Most robots rely on sensors to detect and move around objects in their path, which can take time. But what if they could change direction or climb objects in the blink of an eye.
One of the most common household pests could offer a perfect blueprint.
Researchers at the University of California in Berkeley, think they may have cracked the secret to lightning-fast-reactions– thanks to the ubiquitous cockroaches– crash-test of cockroaches yielded positive results.
“When we observed videos at slow speed we found that roaches would rapidly run towards the wall and basically collide into it head-on. and continue cycling their legs to climb up the wall,” said lead researcher Kaushik Jayaram.
Scientists have developed a six-legged robot with a soft exoskeleton, just like a cockroach.
It’s called DASH and harnesses the momentum of a head-on crash to tip itself upward and climb a wall on its sticky-pad toes.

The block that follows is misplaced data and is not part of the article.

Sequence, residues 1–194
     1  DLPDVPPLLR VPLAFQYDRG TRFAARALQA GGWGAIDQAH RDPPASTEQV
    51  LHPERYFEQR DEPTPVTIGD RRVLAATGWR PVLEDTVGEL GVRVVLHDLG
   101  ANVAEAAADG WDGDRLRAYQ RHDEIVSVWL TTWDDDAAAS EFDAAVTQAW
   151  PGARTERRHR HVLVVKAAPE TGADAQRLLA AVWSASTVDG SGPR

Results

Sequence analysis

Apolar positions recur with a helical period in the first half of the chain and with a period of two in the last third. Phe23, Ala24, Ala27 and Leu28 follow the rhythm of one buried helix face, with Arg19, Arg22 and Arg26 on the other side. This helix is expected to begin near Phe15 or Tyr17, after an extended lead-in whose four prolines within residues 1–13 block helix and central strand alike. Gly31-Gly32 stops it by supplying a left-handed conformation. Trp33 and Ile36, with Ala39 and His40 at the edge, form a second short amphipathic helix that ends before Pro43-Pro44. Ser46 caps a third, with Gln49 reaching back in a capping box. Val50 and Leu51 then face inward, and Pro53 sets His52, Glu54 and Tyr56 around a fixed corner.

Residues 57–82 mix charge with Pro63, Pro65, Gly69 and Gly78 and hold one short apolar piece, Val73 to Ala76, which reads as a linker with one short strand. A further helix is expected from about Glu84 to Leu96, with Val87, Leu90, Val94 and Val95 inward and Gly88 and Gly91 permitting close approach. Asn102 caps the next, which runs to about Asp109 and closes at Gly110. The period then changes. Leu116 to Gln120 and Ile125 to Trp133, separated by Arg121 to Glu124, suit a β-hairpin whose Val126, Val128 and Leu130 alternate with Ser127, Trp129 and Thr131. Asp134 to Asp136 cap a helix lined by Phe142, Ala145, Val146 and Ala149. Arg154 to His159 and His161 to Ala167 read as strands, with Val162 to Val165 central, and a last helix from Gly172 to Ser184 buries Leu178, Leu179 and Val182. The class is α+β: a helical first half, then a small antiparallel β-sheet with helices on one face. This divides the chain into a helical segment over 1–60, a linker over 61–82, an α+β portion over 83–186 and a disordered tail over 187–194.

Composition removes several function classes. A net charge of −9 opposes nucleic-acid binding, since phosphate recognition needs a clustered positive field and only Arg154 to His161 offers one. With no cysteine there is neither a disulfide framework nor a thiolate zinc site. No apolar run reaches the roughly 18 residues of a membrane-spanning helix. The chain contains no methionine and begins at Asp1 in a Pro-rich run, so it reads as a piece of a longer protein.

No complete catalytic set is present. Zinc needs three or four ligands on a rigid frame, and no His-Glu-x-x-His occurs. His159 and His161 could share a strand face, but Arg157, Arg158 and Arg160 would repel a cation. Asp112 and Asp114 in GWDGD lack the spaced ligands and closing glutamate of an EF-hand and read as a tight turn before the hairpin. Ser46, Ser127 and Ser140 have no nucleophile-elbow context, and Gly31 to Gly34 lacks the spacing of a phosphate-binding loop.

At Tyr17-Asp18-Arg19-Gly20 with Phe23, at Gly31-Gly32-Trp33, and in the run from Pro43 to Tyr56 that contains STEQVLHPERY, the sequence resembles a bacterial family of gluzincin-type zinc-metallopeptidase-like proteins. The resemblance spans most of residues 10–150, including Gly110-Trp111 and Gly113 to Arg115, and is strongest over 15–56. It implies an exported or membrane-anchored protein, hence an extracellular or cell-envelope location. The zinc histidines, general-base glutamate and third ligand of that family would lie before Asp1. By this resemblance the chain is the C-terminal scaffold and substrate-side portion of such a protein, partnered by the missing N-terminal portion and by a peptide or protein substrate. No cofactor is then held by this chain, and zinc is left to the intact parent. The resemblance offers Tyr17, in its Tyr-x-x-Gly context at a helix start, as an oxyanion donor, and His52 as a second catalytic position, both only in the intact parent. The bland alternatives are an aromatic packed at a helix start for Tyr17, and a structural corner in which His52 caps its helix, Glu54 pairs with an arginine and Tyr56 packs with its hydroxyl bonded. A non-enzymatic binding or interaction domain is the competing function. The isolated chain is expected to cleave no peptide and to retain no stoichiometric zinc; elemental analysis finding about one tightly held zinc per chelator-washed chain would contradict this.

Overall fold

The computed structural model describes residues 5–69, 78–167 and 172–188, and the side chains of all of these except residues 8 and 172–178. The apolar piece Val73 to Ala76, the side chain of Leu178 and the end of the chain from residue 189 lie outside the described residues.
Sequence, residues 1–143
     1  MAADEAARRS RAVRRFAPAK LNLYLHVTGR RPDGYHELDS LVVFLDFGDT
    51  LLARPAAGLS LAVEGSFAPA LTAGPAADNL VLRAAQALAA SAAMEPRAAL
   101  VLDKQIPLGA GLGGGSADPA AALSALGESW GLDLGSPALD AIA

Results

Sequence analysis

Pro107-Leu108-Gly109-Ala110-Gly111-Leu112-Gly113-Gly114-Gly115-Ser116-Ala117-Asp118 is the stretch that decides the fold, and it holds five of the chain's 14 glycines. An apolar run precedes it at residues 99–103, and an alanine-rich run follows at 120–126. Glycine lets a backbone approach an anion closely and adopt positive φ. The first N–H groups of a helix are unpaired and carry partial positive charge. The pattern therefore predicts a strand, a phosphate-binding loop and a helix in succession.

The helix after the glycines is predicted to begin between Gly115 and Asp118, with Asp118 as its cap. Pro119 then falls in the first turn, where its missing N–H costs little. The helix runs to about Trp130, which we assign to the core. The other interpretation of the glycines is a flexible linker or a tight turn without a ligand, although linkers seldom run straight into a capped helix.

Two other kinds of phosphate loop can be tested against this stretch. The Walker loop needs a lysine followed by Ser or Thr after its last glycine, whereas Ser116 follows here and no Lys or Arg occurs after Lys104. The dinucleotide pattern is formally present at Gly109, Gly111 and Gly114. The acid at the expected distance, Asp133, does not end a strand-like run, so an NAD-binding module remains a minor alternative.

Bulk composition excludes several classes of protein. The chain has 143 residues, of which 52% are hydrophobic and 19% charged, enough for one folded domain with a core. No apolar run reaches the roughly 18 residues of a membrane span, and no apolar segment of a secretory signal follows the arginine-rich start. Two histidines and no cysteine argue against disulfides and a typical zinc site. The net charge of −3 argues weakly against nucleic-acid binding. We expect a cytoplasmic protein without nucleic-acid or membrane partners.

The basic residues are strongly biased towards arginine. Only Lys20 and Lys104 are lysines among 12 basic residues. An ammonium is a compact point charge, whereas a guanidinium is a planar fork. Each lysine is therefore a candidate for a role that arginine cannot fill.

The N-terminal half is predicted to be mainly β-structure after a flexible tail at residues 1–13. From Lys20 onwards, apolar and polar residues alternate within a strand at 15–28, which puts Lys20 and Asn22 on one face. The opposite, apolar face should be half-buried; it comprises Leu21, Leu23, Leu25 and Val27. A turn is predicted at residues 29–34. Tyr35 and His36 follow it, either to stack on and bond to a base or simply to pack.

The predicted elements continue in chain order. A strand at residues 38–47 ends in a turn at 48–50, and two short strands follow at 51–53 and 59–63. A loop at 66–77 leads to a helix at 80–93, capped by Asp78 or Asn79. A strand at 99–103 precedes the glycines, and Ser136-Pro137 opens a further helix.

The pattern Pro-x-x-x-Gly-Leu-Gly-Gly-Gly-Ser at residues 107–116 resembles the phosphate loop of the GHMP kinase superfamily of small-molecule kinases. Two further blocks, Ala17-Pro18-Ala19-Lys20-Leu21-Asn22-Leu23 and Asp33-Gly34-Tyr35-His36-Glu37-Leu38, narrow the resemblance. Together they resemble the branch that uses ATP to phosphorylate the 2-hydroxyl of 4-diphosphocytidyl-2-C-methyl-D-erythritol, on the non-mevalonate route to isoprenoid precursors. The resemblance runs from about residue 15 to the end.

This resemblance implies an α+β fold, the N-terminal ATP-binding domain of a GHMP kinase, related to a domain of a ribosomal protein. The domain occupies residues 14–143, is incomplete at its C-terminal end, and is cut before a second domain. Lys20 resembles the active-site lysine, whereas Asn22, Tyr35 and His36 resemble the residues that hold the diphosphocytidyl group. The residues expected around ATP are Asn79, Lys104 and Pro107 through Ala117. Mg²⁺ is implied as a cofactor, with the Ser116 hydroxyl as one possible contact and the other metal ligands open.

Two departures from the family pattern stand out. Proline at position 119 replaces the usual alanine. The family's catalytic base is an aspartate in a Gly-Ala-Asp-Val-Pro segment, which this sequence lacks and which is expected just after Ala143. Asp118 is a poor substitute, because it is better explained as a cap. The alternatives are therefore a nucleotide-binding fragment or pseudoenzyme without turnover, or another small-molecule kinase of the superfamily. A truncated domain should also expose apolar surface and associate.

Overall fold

It does all these without the need for complex and expensive sensors or taking valuable time to compute its next steps which could make it well suited to exploring hazardous areas after natural disasters.
“You need the robot to be able to run on the ground, may be climb up a wall, get over obstacles, crawl inyo spaces and so we really need a robot which is capable of not just doing one thing but many of these things together.
Researchers say this high speed pest could provide template for a next generation of robots.
“You can think about incorporating all the computation in the structure of the robot, so basically like designing a body smartly so that it can absorb energy and then perform your behavior instead of having to rely on some sensor to tell you where the wall is and how to make the transition,” the lead researcher told Reuters.
Although unpopular with homeowners cockroaches may help develop the future of robotics– and are already dubbed by scientists as their ‘bio-inspiration’.